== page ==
In Major US Shift, Tillerson Says Assad’s Future Up to Syrian People

Visit to Turkey Ends in Impasse

Secretary of State Rex Tillerson’s visit to Turkey has uncovered a dramatic shift in US policy toward Syria, as Tillerson declared in his visit with Turkey’s Foreign Minister that the future of Syrian President Bashar al-Assad should be left up to the Syrian people.

Throughout the Syrian Civil War, US officials have repeatedly insisted that Assad must have no political involvement in any future Syrian government, and have repeatedly demanded his unconditional resignation for years. Even in efforts to broker a future deal for elections, US officials maintained Assad could never run for office again.

The idea of leaving Assad’s future up to the Syrian voters was previously pushed both by the Syrian government and by Russia, and had been scoffed at by most Western countries, who were insisting heavily on regime change as the result of the war.

The Trump Administration has shifted war priorities in Syria toward fighting ISIS, and away from imposing regime change, and this may reflect the reality that the Assad government is probably not going to be forced from power outright by the rebellion. A tacit acceptance that the Assad question is up to the voters could help with negotiating a settlement of the war, though it’s likely also going to fuel more anger from the rebels.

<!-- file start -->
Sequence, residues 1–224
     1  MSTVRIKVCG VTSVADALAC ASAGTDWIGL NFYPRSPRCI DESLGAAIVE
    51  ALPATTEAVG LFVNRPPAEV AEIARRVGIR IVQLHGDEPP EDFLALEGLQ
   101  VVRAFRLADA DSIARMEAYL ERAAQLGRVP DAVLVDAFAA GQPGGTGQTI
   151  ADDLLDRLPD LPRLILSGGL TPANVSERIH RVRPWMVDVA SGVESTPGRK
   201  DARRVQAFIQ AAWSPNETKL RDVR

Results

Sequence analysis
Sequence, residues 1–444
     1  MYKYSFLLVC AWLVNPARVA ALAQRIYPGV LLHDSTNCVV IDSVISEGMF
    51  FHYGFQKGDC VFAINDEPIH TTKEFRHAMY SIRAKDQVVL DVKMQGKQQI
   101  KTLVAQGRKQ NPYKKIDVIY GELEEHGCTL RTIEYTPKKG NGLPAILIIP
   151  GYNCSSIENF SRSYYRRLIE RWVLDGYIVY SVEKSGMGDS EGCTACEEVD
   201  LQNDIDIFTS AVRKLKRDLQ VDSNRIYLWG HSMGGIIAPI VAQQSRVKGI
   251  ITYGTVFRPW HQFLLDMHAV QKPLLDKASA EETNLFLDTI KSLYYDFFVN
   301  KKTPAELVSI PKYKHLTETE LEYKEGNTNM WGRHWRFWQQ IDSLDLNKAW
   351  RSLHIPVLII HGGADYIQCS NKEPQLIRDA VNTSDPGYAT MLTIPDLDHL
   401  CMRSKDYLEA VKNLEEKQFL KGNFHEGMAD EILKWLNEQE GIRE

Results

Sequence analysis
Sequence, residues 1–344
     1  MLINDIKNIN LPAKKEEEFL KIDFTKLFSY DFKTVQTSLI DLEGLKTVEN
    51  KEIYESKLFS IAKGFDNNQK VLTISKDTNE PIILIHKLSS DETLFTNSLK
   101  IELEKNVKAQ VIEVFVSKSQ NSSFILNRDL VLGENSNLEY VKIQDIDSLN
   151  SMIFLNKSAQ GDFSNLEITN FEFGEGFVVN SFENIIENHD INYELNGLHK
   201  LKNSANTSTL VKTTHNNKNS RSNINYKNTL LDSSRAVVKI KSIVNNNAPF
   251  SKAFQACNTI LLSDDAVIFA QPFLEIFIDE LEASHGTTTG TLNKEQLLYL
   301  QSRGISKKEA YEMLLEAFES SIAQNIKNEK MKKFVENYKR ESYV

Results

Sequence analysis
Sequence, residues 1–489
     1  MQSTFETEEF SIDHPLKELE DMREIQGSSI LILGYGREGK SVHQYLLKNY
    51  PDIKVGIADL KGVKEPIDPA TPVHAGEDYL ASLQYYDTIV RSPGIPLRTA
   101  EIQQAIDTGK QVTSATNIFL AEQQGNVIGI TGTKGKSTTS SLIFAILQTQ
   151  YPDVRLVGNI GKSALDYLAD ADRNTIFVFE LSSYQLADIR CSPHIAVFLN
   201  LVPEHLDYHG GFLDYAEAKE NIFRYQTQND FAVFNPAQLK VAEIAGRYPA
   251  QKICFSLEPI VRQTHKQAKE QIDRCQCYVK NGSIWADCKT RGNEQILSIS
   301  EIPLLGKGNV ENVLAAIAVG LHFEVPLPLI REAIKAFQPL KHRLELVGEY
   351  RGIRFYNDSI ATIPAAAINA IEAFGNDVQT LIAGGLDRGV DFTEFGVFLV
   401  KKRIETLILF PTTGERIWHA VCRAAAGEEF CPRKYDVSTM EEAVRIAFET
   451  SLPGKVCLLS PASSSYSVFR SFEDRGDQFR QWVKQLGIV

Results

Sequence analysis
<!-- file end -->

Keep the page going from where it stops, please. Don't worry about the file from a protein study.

US Ambassador to the UN Nikki Haley confirmed the shift, saying that removing Assad from power is no longer “the priority” for the US in Syria.

In the meantime, Tillerson’s visit to Turkey, which aimed primarily at getting Turkey to accept US backing for the Kurdish YPG, ended in failure, with Turkish officials again condemning the US for supporting the Kurdish “terrorists.”

Author: Jason Ditz

Jason Ditz is Senior Editor for He has 20 years of experience in foreign policy research and his work has appeared in The American Conservative, Responsible Statecraft, Forbes, Toronto Star, Minneapolis Star-Tribune, Providence Journal, Washington Times, and the Detroit Free Press.